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Chapter 4 - Chapter 4 Gender Development Gender Roles and...

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Chapter 4: Gender Development, Gender Roles, and Gender Identity
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Chapter 4 Outline Prenatal Development: X and Y Make the Difference Sexual Differentiation in the Womb Atypical Sexual Differentiation: Not Always Just X and Y Gender Roles and Gender Traits Girls Act Like Girls, Boys Act Like Boys Are Gender Roles Innate? Studying Gender
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Chapter 4 Outline (Cont.) Gender Role Theory Evolutionary Theory: Adapting to Our Environment Social Learning Theory: Learning from Our Environment Cognitive Development Theory: Age-State Learning Gender Schema Theory: Our Cultural Maps
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Chapter 4 Outline (Cont.) Varieties of Gender Masculinity: The Hunter Femininity: The Nurturer Androgyny: Feminine and Masculine Transgenderism: Living as the Other Sex Transsexualism: When Gender and Biology Don’t Agree Third Genders: Other Cultures, Other Options Asexualism: The Genetics but Not the Sex
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Chapter 4 Outline (Cont.) Gender Role Socialization from Infancy through Old Age Childhood: Learning by Playing Adolescence: Practice Being Female or Male Adulthood: Careers and Families The Senior Years Different but Not Less Than
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Gender and Sex Gender – refers to behavioral, psychological, and social characteristics of men and women Sex – refers to the biological aspects of being male or female Both nature and nurture are important in forming gender Case study: Dr. John Money and Brenda/Bruce
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Prenatal Development: X and Y Make the Difference Humans reproduce sexually and are made to be sexual beings Each parent supplies a gamete, each with half of the genetic information (23 chromosomes), including a sex chromosome Male: sperm (X or Y) Female: egg/ovum (X)
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Prenatal Development: X and Y Make the Difference (Cont.) Fertilization Haploid egg + Haploid sperm = Diploid zygote Sex is determined at conception Development of female or male sexual characteristics, usually Some developmental variations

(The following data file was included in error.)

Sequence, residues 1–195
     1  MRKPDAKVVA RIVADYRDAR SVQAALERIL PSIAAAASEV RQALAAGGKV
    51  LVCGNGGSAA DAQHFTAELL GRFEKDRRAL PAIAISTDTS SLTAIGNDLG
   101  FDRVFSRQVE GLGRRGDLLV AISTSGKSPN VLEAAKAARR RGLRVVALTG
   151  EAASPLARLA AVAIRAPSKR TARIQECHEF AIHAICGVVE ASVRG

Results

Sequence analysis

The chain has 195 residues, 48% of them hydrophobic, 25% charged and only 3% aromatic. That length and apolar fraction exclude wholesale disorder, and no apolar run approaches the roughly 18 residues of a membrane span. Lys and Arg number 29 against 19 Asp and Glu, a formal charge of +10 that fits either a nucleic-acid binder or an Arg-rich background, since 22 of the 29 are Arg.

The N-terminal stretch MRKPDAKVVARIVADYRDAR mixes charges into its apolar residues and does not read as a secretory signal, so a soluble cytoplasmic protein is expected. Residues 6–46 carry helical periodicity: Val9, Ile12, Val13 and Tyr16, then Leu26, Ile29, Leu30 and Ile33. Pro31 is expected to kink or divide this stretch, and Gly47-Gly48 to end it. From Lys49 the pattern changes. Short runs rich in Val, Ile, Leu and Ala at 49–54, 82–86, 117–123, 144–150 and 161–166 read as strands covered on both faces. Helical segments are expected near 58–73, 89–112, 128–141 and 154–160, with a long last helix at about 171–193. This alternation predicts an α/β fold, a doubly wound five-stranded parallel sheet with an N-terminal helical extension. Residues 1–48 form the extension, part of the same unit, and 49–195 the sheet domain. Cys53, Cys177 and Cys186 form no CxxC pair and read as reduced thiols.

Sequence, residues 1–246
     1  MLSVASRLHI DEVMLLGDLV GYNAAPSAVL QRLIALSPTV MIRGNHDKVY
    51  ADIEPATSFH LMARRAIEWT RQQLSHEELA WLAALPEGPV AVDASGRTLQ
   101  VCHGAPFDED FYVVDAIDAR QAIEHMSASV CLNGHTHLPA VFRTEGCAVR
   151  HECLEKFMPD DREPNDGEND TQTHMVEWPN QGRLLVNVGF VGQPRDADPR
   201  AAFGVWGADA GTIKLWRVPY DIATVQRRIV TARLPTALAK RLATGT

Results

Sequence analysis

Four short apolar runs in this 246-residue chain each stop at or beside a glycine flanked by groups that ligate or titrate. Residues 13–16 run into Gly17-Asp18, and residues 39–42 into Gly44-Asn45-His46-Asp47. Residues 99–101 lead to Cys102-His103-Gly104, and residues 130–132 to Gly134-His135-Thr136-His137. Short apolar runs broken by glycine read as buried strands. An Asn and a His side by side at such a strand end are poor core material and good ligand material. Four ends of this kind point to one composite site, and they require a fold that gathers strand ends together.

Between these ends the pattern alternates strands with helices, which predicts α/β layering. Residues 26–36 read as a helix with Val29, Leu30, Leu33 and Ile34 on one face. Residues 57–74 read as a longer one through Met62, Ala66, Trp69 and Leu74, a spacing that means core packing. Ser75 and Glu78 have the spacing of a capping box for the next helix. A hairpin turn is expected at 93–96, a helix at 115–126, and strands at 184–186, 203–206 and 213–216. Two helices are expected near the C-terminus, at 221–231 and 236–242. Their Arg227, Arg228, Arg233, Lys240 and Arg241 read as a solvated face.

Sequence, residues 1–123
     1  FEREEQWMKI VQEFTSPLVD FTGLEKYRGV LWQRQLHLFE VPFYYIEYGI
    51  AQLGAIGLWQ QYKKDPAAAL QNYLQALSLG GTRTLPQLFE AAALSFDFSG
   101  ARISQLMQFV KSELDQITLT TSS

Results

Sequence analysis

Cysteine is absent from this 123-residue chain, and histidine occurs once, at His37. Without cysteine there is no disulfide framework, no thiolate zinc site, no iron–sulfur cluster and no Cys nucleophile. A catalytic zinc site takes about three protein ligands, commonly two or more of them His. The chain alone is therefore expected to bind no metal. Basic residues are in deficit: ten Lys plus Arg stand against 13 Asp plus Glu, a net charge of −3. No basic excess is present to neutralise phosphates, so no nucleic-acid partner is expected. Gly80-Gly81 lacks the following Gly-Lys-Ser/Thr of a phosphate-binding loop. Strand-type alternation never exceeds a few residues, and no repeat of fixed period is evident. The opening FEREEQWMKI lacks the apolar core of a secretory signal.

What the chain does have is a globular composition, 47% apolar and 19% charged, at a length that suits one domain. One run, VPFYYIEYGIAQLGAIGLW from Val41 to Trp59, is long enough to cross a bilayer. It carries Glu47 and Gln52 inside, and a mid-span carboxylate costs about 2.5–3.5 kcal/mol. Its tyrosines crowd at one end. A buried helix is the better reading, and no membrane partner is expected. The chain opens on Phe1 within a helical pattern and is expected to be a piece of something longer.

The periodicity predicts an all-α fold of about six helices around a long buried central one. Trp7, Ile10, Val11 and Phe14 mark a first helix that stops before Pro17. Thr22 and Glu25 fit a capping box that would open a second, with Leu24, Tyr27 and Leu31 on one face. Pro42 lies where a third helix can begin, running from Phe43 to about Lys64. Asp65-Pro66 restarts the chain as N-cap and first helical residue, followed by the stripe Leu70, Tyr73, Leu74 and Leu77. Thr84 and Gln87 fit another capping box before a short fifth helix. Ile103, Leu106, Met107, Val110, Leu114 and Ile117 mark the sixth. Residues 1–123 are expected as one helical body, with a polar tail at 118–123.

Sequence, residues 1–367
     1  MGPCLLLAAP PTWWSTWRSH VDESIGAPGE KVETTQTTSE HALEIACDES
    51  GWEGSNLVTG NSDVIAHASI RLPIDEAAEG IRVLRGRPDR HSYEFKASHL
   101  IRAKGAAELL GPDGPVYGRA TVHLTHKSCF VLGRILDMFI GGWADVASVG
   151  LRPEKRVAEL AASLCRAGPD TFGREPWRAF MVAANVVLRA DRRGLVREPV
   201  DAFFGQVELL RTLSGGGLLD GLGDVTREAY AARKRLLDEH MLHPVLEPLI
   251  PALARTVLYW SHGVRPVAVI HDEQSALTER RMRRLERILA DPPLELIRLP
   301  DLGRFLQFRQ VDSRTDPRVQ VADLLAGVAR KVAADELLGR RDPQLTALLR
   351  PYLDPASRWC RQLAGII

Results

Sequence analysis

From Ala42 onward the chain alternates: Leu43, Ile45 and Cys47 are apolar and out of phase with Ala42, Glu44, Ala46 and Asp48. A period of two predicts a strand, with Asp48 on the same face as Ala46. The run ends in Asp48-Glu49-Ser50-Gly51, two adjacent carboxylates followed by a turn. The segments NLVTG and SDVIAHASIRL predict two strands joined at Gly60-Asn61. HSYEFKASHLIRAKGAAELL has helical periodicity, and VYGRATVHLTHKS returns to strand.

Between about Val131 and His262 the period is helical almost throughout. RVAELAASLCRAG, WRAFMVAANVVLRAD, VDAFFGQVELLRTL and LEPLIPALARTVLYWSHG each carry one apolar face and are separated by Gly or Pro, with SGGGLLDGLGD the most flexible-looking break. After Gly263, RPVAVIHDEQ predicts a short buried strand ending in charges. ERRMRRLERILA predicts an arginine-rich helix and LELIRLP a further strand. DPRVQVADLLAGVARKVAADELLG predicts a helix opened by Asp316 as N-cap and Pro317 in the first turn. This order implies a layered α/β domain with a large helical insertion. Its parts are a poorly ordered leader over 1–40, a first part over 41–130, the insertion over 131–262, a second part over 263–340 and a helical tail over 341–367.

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Sexual Differentiation in the Womb Gestation: 9 months 4-6 weeks: gonads begin to develop and sexual differentiation starts 1-2 weeks later Sex chromosomes control development of: internal sex organs external sex organs the embryo’s hormonal environment the brain’s sexual differentiation
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Internal Sex Organs 5 th – 6 th week: primitive gonads form 7 th – 8 th week: gonads become testes with Y chromosome and the SRY gene 10 th -11 th week: gonads become ovaries with absence of Y chromosome and SRY gene, and possibly the presence of ovarian hormones “Default setting” is female
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Internal Sex Organs (Cont.) 10 th -11 th week: primitive duct systems appear Müllerian duct (female) Wolffian duct (male) Their further development is hormonally controlled by the gonads
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Internal Sex Organs (Cont.) Female embryos: Lack male hormones and Wolffian duct degenerates Müllerian duct forms: uterus, inner third of vagina Male embryos: Müllerian inhibiting factor regresses the Müllerian duct Testosterone stimulates the Wolffian duct
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Figure 4.1 Development of the male and female internal reproductive systems from the undifferentiated stage. We discuss these specific structures more in Chapters 5 and 6.
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